Several bipartisan members of the U.S. House of Representatives have presented a resolution (H. RES. 100) supporting the Iranian people in their desire for a democratic, secular, and non-nuclear Republic of Iran while condemning the Iranian government for violations of human rights and state-sponsored terrorism.
The resolution notes that beginning in 2017, the Iranian regime suppressed protests with the repressive force that resulted in at least 25 deaths and 4,000 arrests. It also acknowledges the November 2019 protests that spread to at least 100 cities throughout Iran, resulting in the deaths of about 1,500 people in less than two weeks, and thousands more were detained.
The current protests ignited in response to the death of Mahsa Amini, a 22-year-old Kurdish-Iranian woman who was arrested by the morality police enforcing Iran’s mandatory dress code laws. The protests, which are being led by women and youth, demand social freedom and political change. The protests reflect the more than four decades of organized resistance against the Iranian dictatorship, led most recently by women who have endured torture, sexual and gender-based violence, and death.
The resolution highlights that in several months of continuing protests in hundreds of cities throughout Iran, the regime’s security forces have killed hundreds and arrested tens of thousands of protesters, with some at risk of execution.
The Department of State’s 2021 Country Reports on Human Rights Practices cites that Iran’s “government and its agents reportedly committed arbitrary or unlawful killings, most common executions for crimes not meeting the international legal standard of ‘most serious crimes’ or for crimes committed by juvenile offenders, as well as executions after trials without due process.”
The resolution urges the Administration to work with United States partners and allies to condemn the ongoing human rights violations perpetrated by the Iranian regime and establish a mechanism by which the United Nations Security Council can monitor such violations.
It also notes that the United Nations Human Rights Council established a fact-finding mission to conduct an independent investigation into the ongoing deadly violence related to the protests in Iran that began on September 16, 2022, and that the United Nations Economic and Social Council (ECOSOC) adopted a resolution to expel Iran from the Commission on the Status of Women (CSW) for the remainder of its 4-year term ending in 2026.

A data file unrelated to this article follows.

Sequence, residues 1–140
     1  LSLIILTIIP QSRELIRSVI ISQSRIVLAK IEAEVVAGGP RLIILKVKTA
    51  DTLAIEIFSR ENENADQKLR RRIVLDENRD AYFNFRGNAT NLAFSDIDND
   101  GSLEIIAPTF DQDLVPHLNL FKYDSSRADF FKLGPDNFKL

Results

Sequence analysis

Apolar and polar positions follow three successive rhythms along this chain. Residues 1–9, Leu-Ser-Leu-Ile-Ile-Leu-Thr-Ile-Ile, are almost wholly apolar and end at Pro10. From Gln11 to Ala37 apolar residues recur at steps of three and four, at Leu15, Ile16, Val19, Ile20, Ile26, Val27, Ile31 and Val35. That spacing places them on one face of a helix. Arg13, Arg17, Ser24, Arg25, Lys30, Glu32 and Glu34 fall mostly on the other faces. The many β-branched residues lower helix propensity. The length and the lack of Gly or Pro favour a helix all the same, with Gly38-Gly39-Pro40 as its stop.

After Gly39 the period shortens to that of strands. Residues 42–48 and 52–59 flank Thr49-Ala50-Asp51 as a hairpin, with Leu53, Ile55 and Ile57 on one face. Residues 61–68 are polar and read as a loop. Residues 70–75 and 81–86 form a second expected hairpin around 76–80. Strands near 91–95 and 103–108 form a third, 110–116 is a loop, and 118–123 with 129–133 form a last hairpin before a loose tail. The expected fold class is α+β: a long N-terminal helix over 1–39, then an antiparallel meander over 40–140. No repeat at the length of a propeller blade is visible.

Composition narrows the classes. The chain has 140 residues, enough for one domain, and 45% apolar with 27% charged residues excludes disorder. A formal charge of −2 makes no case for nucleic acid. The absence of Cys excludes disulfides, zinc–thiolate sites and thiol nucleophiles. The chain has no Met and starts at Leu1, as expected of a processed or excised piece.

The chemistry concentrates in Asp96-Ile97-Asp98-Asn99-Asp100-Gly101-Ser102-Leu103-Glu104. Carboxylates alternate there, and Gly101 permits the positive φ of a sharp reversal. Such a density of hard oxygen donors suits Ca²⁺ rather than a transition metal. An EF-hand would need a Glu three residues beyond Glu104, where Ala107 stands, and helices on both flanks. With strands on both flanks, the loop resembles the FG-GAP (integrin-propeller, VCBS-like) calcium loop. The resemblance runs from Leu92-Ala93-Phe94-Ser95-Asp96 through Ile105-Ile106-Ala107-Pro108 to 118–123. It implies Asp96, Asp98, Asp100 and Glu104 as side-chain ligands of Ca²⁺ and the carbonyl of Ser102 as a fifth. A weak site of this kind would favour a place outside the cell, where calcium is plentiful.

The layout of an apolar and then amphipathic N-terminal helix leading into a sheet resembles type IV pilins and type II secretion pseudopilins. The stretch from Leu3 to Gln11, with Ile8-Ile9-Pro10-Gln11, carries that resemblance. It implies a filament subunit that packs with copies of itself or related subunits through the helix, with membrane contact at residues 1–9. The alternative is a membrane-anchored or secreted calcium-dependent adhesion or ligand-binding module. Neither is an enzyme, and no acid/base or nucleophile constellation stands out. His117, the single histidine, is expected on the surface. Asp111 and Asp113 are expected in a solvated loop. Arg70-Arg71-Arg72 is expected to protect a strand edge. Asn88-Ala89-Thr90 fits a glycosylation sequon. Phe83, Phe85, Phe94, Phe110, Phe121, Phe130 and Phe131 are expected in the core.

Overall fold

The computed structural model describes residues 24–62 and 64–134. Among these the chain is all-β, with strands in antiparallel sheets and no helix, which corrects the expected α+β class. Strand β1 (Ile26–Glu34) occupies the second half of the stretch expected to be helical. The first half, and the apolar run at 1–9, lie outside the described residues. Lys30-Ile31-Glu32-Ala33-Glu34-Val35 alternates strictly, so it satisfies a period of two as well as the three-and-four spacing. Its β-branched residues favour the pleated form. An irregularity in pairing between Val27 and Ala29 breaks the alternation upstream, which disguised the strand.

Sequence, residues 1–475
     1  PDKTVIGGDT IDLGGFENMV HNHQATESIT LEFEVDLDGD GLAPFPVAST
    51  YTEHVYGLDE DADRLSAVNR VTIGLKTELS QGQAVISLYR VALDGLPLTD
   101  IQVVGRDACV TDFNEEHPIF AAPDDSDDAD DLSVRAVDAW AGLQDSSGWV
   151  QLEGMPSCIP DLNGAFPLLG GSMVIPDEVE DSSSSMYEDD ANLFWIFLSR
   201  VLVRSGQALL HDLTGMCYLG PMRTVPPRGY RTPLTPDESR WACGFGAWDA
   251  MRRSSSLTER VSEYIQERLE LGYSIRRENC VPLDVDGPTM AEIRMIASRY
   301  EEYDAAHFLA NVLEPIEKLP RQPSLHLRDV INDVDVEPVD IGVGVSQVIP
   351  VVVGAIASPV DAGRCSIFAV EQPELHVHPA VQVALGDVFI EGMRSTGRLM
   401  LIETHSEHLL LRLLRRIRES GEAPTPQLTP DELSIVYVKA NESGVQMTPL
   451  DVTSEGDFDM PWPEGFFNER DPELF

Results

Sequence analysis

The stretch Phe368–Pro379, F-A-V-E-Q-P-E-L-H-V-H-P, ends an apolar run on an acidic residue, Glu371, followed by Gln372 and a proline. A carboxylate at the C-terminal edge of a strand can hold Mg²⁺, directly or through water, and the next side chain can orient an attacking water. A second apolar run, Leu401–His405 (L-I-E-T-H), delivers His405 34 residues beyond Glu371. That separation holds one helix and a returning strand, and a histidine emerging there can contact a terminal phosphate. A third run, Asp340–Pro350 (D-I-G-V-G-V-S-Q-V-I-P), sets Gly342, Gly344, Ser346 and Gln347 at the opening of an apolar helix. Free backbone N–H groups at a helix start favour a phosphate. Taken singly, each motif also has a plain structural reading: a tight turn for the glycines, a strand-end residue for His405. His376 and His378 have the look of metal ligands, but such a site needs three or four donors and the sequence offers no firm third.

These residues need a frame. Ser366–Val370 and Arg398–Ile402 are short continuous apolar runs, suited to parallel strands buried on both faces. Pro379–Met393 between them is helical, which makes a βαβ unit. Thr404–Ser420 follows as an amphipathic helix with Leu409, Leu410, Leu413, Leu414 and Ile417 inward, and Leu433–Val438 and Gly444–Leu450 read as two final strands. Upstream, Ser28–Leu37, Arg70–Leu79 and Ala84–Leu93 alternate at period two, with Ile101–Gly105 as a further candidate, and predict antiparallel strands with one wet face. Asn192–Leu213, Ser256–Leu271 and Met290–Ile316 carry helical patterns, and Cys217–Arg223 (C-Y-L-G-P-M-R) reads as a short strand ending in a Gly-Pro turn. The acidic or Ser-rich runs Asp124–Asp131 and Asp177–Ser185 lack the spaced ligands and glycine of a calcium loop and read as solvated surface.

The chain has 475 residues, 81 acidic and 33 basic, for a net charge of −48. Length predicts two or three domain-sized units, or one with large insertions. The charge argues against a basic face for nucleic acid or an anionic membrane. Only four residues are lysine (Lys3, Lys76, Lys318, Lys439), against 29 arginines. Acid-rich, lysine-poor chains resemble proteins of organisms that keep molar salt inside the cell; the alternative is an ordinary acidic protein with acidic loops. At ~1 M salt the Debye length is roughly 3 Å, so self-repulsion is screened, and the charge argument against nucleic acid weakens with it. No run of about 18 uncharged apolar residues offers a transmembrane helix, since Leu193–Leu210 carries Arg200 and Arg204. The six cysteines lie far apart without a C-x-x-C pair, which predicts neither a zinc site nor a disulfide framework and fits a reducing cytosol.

The resolution also condemns the Iranian regime for arbitrarily and brutally suppressing ethnic and religious minorities, including Iranian Kurds, Baluchis, Arabs, Christians, Jews, Baha’is, Zoroastrians, and even Sunni Muslims, and depriving them of their basic human rights, and in many cases executing them. The Iranian people have been deprived of their fundamental freedoms and are rejecting monarchic dictatorship and religious tyranny, as evident in their protest slogans.
In conclusion, the resolution expresses support for the Iranian people’s desire for a democratic, secular, and non-nuclear Republic of Iran, while condemning the Iranian government for violations of human rights and state-sponsored terrorism. It calls on the international community to work to bring accountability to the Iranian government and provide support to the Iranian people in their quest for human rights and democratic governance.
Key characteristics of the H. RES. 100
- Resolution 100 in the US Congress sponsored by a bipartisan House majority. The names of the signatories are listed on the official website of the US Congress.
- 225 representatives of the American people supported the request of the Iranian people for a democratic republic.
- Support for Mrs. Maryam Rajavi’s 10-point plan for the future of Iran.
- Among the signatories, the names of some members of the leadership of both parties, the heads of 11 out of 20 committees, the heads of 60 sub-committees, and the 28 members of foreign committees are noticeable.
- The support of the majority of the US House of Representatives for a resolution in the first 50 days of 118th Congress, 1st Session is unprecedented.
The resolution greatly angered the regime. Immediately, its official and unofficial representatives, including Raisi, its foreign minister Amir-Abdollahian, and the regime’s lobbyists, along with remnants of the monarchy, created an unprecedented mobilization to attack the sponsors of the resolution to withdraw their signatures and prevent other representatives from joining.
They bombarded the representatives’ offices with tens of thousands of emails, machine-generated letters, and fake documents, but they could not even deter and regret one representative from his/her decision. In contrast, in less than a month, the number of signatories to the resolution has exceeded 225 representatives.